At the heart of our mission are the milestones reached by patients
St. Jude patient Bailey’s 16th birthday shines a light on our purpose.
April 09, 2021 • 2 min
The heart of our mission is found in the lives of our patients and the possibilities their futures hold.
We were provided a stirring example of those possibilities recently in a social media post by Kimberly, mom to St. Jude patient Bailey. She wrote:
Sixteen. To know him is to love him. To really know him is a lesson in honesty, truth, perseverance, humor, and a little like sweet tea on a front porch. To be his mother is an honor. He knows a lot about a lot of things and a whole lot about what matters in life. He’s been filling my mind full of facts for nearly sixteen years and filling my heart for even longer. I’m the luckiest.
Bailey arrived at St. Jude Children’s Research Hospital to be treated for osteosarcoma when he was just 11 years old. His 16th birthday might as well have been a lifetime away. Thanks to your support, he reached that cherished milestone: Sweet Sixteen.
Along the way, he picked up golf and had his artwork incorporated into a pair of FootJoy shoes he presented to PGA TOUR golfer Justin Thomas during the 2019 World Golf Championships-FedEx St. Jude Invitational.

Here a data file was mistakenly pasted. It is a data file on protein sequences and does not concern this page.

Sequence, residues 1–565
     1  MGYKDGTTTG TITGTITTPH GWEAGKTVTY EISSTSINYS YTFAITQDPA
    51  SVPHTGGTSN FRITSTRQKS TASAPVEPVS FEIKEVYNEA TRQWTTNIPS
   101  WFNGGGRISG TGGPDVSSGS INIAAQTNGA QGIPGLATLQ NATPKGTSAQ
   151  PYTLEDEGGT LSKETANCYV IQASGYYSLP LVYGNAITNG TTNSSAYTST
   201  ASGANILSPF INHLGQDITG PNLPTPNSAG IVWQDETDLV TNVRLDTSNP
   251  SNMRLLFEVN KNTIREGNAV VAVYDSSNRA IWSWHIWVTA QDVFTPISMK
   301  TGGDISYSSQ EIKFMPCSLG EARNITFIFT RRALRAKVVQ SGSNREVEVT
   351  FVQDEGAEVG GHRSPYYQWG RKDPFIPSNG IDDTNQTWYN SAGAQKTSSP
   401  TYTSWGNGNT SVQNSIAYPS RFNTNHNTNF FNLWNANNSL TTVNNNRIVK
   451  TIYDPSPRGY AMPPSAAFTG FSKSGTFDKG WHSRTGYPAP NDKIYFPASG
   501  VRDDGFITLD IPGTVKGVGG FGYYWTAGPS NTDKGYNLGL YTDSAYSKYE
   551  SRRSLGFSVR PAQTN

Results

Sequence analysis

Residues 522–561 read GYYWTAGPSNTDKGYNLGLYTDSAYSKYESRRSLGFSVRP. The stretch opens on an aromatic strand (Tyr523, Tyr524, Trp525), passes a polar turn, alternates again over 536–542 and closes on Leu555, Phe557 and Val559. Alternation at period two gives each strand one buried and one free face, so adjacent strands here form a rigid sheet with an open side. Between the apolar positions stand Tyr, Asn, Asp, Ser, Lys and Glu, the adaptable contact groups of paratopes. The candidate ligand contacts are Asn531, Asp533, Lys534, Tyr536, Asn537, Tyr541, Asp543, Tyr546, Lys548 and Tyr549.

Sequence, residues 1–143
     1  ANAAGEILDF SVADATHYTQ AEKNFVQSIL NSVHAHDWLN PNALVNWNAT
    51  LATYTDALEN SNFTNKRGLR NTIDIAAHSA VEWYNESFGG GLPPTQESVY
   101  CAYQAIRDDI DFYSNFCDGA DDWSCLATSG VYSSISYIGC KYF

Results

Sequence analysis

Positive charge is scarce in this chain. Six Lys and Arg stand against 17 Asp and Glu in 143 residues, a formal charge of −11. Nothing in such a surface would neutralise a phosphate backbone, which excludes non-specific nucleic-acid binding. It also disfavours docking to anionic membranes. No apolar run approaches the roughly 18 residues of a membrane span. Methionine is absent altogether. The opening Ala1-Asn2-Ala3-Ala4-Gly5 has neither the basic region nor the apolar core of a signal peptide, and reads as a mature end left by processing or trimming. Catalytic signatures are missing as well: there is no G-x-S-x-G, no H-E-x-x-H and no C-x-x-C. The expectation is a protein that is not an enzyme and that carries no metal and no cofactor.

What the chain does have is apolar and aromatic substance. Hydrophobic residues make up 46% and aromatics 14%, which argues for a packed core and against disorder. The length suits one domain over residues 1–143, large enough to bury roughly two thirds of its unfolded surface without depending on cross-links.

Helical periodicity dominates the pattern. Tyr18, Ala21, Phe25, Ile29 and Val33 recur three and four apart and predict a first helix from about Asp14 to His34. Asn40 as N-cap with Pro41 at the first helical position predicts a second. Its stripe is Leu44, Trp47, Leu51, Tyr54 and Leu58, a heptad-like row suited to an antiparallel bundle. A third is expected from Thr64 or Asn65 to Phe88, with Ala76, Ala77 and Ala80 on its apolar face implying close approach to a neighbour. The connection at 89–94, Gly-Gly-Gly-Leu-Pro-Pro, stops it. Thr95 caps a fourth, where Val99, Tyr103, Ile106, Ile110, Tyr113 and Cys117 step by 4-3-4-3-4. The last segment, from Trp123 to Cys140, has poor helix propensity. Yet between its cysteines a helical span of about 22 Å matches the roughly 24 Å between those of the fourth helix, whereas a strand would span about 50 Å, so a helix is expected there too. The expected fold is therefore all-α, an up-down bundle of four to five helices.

It was the kind of moment one doesn’t forget. The kind of moment one points to as what the St. Jude mission is all about.
It is. And, also, it’s not.
Because it’s not just the big moments. It’s the everyday possibilities. It’s Kimberly’s note to her son. The way she writes about him, and the time she’s been able to spend with him.
It’s about the young adult Bailey has grown into.
“He’s a wonderful wise old soul in a teenager body and while he doesn’t want any real recognition for how far he’s come, he inspires us all to do better and more,” Kimberly said.
Bailey loves to fish and play golf. Every fishing trip or afternoon on the golf course describes this mission, too.
He’s a tough kid who refused to get in a wheelchair during treatment and insisted on walking on crutches the entire time. When he could finally ride his bike again after treatment, he couldn’t bend his prosthetic leg enough to ride sitting down, so he rode standing up instead.
Bailey had surgery to implant an adult prosthesis just before Christmas. We all hope it’s the final surgery from the limb-sparing procedure that saved his leg, and the final sentence in this chapter of Bailey’s life — the chapter about childhood cancer. From here on, we hope his life is characterized by what he chooses to do with it.
The most rewarding part of supporting St. Jude, always, is hearing St. Jude patients reached a milestone. It’s those milestones, whatever they may be, that are at the heart of the St. Jude mission.
This time it was a 16th birthday. We can’t wait to see what dreams Bailey realizes in his lifetime, and we’re so thankful you’re all along for the journey.
(Image credit: Ben Jared, PGA TOUR)